The similar story happened with Fukushima nuclear power plant on March 11, 2011 where engineers at the plant managed to initially safely shut down the plant following a massive earthquake, which proved inadequate because large tsunami knocked out the backup generators running the water pumps an hour later. The aftermaths were well known, namely the explosions associated with hydrogen generated from the reduction of steam during high temperature oxidation of core materials, and releases of radioactive fission products. The major consequences of this nuclear accident were displacement of the local population and long and expensive cleaning up of affected area in years to come.

Fukushima has had a devastating impact on global nuclear energy development. Despite the fact that not a single U.S. nuclear power plant was found to be unsafe or shut down in the wake of the accident, the Nuclear Regulatory Commission has issued a number of new requirements to enhance their safety, including increasing the requirements for backup power generation on site, all in wake of Fukushima accident.

Under this new legislation the U.S. nuclear plants are required to have enough onsite electrical battery capacity to keep their pumps going full tilt for 24 hours in the event of a total power failure while prior to Fukushima accident, plants were only required to have 8 hours of battery power with additional portable power sources. Luckily, the negative impact of Fukushima nuclear accident has also contributed to new research into other ways of increasing safety, including the above mentioned search for new ways to construct fuel pellets that could replace existing ones and survive longer in the case of an accident.


Nuclear fuel pellets are compounds consisting of center and outside shell where in most world’s nuclear reactors, the center contains a brittle uranium blend, and the solid outside shell is made of a metallic alloy containing the element zirconium.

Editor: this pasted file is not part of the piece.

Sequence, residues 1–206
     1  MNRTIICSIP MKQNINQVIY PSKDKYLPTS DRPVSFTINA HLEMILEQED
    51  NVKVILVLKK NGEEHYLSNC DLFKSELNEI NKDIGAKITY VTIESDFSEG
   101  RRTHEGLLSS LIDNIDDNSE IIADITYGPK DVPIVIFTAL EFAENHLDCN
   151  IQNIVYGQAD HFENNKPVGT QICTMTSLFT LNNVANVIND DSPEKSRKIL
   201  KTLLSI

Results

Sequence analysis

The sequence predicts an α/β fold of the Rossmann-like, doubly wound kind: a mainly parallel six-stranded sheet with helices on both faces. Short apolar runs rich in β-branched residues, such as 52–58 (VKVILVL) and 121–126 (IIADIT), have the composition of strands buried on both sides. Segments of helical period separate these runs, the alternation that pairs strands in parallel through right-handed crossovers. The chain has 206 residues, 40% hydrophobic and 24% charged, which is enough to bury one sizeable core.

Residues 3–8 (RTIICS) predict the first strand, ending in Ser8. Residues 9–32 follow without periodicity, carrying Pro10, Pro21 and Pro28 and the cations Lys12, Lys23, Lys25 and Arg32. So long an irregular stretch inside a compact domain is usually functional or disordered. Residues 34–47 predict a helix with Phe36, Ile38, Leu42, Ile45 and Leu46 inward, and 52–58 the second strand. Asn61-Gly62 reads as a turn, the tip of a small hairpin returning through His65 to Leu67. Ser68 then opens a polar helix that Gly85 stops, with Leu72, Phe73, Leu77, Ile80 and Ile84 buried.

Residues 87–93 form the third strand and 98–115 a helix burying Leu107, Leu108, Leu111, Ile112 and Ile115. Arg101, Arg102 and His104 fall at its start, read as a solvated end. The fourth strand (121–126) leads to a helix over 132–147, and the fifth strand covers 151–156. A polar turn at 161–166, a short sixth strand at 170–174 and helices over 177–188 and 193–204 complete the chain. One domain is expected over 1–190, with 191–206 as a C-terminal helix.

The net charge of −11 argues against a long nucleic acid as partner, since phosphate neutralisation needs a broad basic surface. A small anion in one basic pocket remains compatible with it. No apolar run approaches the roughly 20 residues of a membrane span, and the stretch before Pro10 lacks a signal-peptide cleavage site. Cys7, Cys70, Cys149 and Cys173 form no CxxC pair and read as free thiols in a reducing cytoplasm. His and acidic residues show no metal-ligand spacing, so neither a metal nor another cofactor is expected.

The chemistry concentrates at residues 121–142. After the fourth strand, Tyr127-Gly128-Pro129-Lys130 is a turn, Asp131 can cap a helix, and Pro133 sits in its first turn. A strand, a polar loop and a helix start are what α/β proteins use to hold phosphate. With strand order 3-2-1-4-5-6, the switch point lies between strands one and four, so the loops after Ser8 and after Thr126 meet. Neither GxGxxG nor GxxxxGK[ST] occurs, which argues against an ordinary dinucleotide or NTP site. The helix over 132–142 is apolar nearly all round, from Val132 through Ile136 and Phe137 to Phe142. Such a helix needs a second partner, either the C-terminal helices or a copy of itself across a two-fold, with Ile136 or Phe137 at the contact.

Why Zirconium alloy? Mainly because of its many desirable properties, most notably low neutron absorption, which means that this type of alloy does not interfere with the nuclear fission. Zirconium alloy has become so reliable over the past decade that U.S. reactors typically run almost all the time and only shut down for a couple weeks once every two years or so to reshuffle and replace old fuel and for routine maintenance.

This means that zirconium alloy is great technology that works almost flawlessly under normal operating conditions. But in the event if the water pumps fail, and the core overheats zirconium alloy may not prove enough because this type of cladding is susceptible to oxidation and rupture, which can further increase the pressure on the safety systems for the nuclear reactor and push it over the cliff earlier. The new research showed that changing the cladding may help make the fuel pins survive longer and another major advantage of this approach is that it would allow nuclear plants to achieve greater safety without making major capital investments to modify the mechanical operations of the plant. As researchers report it would only require operators to swap out the old fuel pellets for new ones when they shut down the plant for routine refueling, which they do now every two years or so.


Whether the trick to make nuclear energy safer lies in fuel pellets or not, really doesn’t make that much difference, as long as future nuclear power accidents could be prevented. Nuclear fuel pellets from new material look promising but there is still a long way to go before promising technology becomes commercial, with many different obstacles in the way. Since world still requires nuclear to fill its share of power demand, the global nuclear energy industry needs newer and safer solutions, because one more accident like Fukushima and nuclear energy could soon end up being abandoned by the large portion of the developed world.